• Always use warmer colours for rooms that are more spacious. This will make your rooms feel more inviting.
  • A long narrow room can feel “squarer” by painting the narrow end of the room in a warmer tone.
  • If you’re painting a room that’s smaller in size which is crowded with furniture & belongings, warm colours will make the room feel more cluttered.



  • Great colour choice for making smaller rooms feel larger / more spacious such as small bathrooms, bedrooms & living areas.
  • Avoid using cool colours in rooms that are already large as it will make the room look & feel sparse (especially if you don’t have much furniture in the room).
  • Can create a soothing effect in a space, replicating a feeling of nature that brings the outside in.



Now a quick word on the colour WHITE. It’s one of the most popular colours used in interior design. Why? It’s always a safe bet & a great blank canvas for all your other furnishings & styling items. But of course, there’s a thousand shades of white. Confusing, eh?

Just choose a cool or warm white, depending on what feeling you want to evoke in each room. It’s the same as buying light bulbs – cool white or warm white bulbs? The cool whites can be a real mood killer, something you’d have in a police interrogation room whereas warm warms are softer / moodier.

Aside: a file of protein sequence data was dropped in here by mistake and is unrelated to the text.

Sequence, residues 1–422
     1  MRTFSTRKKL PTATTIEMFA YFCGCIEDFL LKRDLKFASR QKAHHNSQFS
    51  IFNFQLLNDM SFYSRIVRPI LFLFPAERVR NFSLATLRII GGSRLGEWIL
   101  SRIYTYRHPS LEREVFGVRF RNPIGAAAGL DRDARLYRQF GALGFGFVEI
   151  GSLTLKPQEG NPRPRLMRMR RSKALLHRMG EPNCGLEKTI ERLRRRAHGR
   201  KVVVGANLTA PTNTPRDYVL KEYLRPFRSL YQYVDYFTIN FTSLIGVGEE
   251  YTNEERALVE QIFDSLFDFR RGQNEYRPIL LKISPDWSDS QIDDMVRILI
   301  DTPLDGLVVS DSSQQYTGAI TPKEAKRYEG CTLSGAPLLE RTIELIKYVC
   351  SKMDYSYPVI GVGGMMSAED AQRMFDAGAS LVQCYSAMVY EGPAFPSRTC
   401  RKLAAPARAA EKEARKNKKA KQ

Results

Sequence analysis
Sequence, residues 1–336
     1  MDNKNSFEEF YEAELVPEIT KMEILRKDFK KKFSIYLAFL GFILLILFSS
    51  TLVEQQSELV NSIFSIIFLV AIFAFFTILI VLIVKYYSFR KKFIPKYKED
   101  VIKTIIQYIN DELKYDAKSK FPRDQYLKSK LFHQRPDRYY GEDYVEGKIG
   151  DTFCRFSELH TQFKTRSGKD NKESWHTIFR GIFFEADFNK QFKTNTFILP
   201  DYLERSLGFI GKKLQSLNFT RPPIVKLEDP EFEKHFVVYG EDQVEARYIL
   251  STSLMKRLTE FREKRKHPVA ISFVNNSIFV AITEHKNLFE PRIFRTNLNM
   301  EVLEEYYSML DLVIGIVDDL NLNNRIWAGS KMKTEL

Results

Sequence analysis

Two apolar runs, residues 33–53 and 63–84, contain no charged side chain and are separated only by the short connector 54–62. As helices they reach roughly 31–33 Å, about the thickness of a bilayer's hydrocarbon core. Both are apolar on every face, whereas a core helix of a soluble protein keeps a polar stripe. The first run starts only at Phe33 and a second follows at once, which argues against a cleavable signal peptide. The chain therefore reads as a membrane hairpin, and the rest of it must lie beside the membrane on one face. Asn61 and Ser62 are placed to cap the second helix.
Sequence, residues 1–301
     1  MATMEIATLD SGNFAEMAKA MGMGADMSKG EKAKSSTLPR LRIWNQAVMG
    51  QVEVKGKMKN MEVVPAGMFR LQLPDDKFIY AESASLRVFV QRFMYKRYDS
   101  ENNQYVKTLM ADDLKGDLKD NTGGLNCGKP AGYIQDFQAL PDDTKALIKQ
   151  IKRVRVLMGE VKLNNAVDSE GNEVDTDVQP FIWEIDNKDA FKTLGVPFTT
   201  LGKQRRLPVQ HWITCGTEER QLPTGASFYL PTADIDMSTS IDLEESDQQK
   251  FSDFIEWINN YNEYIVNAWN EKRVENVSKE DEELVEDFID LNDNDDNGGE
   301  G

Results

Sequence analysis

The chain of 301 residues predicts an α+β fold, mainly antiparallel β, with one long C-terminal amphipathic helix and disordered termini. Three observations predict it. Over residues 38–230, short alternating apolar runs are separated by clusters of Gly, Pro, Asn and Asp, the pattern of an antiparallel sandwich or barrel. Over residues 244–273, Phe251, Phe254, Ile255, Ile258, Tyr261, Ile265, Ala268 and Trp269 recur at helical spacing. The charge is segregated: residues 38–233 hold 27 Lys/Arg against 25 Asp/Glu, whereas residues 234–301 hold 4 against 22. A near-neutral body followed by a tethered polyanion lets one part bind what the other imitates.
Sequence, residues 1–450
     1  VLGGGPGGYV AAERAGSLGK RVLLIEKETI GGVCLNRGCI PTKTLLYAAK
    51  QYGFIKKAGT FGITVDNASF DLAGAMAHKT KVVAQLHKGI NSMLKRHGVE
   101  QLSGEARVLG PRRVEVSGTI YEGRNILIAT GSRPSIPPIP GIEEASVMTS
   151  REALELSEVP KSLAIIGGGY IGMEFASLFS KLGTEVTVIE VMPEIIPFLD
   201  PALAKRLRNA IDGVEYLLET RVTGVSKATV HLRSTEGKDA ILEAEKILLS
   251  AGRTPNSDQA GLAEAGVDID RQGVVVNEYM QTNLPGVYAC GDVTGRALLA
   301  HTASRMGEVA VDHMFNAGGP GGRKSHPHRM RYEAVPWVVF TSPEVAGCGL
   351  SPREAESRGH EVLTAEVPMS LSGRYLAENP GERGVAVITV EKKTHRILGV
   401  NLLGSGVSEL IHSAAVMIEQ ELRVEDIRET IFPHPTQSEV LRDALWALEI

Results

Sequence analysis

THE 60-30-10 RULE

Last but not least, interior designers use the rule of 60-30-10. That means, when choosing your colour scheme in a room, use 60% of a dominant colour, 30% of a secondary colour & the final 10% in an accent colour. Ideally, that’s no more than 3 colours in a room or it can look too busy.

Here’s how it works.

60% of the main colour includes things like your walls, your sofa, the major colour of your rug or flooring. In a kitchen that would include your cabinetry & splashback. The 60% is really the things that take up the most visual space in a room.

30% of colour will appear in your furniture, textiles, lighting, etc. To keep the room interesting, you want to vary the tones of this colour, so it’s not just all the one shade.

The remaining 10% is for pops of colour in your knick-knacks, picture frames, candles, a floral arrangement, throw cushions… the little things that are easy to swap in & out at the end, to finalise your look.


Fortunately, most of the major paint companies recognise that the average joe-blow struggles with paint colours. Just jump onto their websites (Taubmans, Dulux, British Paints, Porters & so on) or into your local Bunnings stores & grab their free brochures which list their most popular colours including their best cool & warm colours.